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THE BRITISH Miles Aircraft Ltd was a family business, and what a family it was: See http://wp.me/p2ETap-24M.
The varied talents of F.G. Miles, his wife Blossom and his brother George produced civil and military craft, from the 1932 M.1 Satyr through the 1957 M.105 (also known as the HDM.105, as in Hurel-Dubois Miles, of which more anon).
Their 1932 M.1 Satyr was a one-off, but 55 examples of the M.2 Hawk left the company’s Woodley, Berkshire, works in 1933, followed by 64 M.2F-T Hawk Majors in 1934.
Miles Aircraft introduced its M.14 Magister basic military trainer in 1937; eventually 1293 of these were produced.
The M.25 Martinet target tug’s production ran to 1724 aircraft (Miles’ most numerous design) during World War II.
My favorite Miles, the M.57 Aerovan, appeared almost at the end of WWII. The Aerovan had a boxy fuselage capable of carrying 10 passengers or, through its swinging rear hatch, accommodating an automobile.
The M.57 was constructed of plastic-bonded plywood with some spruce and metal components. Power came from twin 148-hp Blackburn Cirrus Major inline-4s inverted in high-wing nacelles.
Aerovans were used as light commercial transports in more than a dozen countries; they served as well in the air forces of Israel and New Zealand. One fitment offered was an emergency operating theater, the idea being to bring the doctor and nurse to the patient rather than vice versa. See the aircraft’s writeup in Flight magazine, June 7, 1945 (http://goo.gl/8KHSxI).
F.G. got the firm involved in more than aircraft design. One of its secret wartime activities involved ball-point pens. (Aircrews found ball-points better than fountain pens at altitude; mariners preferred them in wet weather.)
The concept’s inventor, Hungarian László József Biró, licensed F.G. Miles to aid in the pen’s development. Students at the Miles Aeronautical School were given these pens for trial use. Frenchman Marcel Bich bought the patent from Biró in 1945; he co-founded Bic.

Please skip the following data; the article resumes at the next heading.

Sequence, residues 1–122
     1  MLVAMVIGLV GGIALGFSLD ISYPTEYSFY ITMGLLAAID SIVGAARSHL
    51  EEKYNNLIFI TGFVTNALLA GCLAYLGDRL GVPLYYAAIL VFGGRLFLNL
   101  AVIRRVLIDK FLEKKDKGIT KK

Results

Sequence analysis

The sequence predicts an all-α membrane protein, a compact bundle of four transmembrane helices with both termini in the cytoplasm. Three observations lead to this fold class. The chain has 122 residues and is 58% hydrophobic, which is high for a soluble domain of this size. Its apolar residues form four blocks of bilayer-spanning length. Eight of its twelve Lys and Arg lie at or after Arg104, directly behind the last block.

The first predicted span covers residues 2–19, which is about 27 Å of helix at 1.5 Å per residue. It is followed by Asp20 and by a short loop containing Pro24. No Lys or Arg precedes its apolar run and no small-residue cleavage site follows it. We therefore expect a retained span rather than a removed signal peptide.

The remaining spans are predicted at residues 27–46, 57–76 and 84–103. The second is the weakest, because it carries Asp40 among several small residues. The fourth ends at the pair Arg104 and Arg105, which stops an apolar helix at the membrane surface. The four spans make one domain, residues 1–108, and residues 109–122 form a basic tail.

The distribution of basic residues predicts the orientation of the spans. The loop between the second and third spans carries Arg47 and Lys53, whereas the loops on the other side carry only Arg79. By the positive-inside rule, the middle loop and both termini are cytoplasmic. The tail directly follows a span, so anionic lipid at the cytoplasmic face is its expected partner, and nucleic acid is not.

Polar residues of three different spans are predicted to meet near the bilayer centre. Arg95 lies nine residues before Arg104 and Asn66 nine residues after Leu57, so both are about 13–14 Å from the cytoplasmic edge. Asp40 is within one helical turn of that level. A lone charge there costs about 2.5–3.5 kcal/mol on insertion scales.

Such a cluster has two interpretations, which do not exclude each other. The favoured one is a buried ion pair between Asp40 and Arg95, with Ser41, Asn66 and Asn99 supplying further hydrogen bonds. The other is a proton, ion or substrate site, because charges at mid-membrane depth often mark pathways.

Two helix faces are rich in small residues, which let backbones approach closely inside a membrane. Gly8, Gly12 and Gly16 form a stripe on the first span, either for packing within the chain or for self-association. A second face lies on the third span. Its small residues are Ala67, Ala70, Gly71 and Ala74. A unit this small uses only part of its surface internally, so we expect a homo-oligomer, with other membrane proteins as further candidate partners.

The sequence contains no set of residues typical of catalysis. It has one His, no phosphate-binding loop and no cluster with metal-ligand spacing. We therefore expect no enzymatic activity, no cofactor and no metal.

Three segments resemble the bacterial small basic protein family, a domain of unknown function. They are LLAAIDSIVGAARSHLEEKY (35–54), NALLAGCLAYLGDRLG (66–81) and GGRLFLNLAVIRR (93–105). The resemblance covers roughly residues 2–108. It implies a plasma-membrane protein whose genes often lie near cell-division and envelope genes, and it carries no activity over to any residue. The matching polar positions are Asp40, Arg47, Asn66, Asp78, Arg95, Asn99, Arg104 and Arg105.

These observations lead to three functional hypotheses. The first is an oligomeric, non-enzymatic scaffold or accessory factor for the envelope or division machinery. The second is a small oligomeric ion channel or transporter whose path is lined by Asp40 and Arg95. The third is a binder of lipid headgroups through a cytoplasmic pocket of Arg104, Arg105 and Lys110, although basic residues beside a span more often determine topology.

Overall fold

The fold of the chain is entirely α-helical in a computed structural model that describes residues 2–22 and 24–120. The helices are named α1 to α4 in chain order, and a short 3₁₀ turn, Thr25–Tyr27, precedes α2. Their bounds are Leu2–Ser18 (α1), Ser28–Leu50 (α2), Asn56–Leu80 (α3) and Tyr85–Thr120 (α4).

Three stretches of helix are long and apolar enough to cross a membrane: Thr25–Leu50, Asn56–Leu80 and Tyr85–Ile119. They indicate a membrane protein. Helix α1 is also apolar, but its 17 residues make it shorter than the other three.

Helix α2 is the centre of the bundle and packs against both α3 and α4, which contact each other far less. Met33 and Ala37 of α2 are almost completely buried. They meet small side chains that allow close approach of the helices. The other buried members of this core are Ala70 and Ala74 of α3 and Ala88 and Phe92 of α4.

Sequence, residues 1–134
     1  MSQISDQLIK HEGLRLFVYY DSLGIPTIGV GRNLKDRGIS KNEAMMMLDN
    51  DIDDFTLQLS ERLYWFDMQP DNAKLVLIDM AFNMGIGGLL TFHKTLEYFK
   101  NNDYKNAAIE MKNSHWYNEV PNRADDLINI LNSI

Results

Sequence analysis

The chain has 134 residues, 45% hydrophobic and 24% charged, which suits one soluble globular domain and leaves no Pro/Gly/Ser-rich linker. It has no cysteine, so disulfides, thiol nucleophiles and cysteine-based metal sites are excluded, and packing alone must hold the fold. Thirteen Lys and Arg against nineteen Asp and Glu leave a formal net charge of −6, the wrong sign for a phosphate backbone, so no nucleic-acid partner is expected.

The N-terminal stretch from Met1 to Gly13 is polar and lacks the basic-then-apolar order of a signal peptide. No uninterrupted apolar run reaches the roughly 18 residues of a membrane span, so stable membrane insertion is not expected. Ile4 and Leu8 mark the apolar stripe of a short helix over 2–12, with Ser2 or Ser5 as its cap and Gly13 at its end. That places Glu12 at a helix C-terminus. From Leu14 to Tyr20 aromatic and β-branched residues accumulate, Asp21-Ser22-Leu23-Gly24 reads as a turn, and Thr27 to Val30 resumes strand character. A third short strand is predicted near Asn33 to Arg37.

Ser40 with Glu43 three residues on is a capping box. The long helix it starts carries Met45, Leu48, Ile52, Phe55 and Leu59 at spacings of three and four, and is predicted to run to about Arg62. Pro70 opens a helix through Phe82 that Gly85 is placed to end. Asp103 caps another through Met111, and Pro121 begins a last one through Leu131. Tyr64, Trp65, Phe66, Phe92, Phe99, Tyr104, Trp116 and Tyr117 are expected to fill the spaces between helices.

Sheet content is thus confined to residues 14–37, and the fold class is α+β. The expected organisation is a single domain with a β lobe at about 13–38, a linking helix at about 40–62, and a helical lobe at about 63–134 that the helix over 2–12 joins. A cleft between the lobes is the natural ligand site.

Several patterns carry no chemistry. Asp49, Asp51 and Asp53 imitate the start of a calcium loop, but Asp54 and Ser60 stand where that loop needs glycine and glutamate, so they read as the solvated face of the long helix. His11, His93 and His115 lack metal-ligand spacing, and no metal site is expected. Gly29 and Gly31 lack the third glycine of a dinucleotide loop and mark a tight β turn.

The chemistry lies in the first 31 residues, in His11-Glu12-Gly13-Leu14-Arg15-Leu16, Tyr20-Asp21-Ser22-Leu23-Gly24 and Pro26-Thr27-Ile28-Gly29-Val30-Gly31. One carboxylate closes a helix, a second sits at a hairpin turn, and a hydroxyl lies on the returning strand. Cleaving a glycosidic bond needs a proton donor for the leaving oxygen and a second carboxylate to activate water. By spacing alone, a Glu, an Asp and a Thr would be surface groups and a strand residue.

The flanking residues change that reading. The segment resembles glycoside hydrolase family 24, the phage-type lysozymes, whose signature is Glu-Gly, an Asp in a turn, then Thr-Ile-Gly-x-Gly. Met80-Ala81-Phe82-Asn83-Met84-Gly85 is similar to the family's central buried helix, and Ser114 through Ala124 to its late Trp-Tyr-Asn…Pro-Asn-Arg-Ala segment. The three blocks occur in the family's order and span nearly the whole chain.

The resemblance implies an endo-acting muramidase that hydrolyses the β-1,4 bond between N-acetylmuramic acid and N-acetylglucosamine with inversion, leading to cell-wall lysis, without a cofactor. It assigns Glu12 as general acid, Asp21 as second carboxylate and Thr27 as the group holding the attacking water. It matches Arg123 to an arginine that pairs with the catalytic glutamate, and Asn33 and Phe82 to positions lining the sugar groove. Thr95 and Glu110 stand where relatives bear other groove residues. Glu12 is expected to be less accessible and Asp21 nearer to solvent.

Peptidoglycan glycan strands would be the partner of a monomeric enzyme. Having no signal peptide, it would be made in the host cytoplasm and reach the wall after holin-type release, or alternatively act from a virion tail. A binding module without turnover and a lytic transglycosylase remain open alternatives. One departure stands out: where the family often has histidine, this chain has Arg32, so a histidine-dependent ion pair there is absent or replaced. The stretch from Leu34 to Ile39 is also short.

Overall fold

The Photographic Department of Miles Aircraft also developed the Copycat, a photostatic copying machine. F.G. much preferred the device in lieu of carbon paper. However, in 1946 the American company Haloid beat the rest of the world in commercializing the photocopier. (It became Haloid Xerox in 1958 and Xerox in 1961.)
Caught up in Britain’s post-war economic doldrums, Miles Aircraft Ltd went into receivership in 1947. However, F.G. didn’t go quietly. A new firm, F.G. Miles Ltd, spun off a group of subsidiary companies, among them Meridian Airmaps Ltd, Miles Marine & Structural Plastics Ltd, Jet Tanks Ltd and Miles Electronics Ltd, this last one manufacturing flight simulators and eventually merging with the British arm of the Link Trainer company.
In a concluding bit of Aerovan lore, one of the M.57s was converted into the HDM.105, a joint venture between Miles and the French company Societe des Avions Hurel-Dubois. The latter company exploited Maurice Hurel’s wing designs of extremely high aspect ratio; that is, chord being dramatically small for a given wing span.
In 1958, Miles sold the design to the Shorts Bros, another British aircraft manufacturer, which developed it into its own SC.7 Skyvan.
Imitation, they say, is the most sincere form of flattery. ds
© Dennis Simanaitis, SimanaitisSays.com, 2014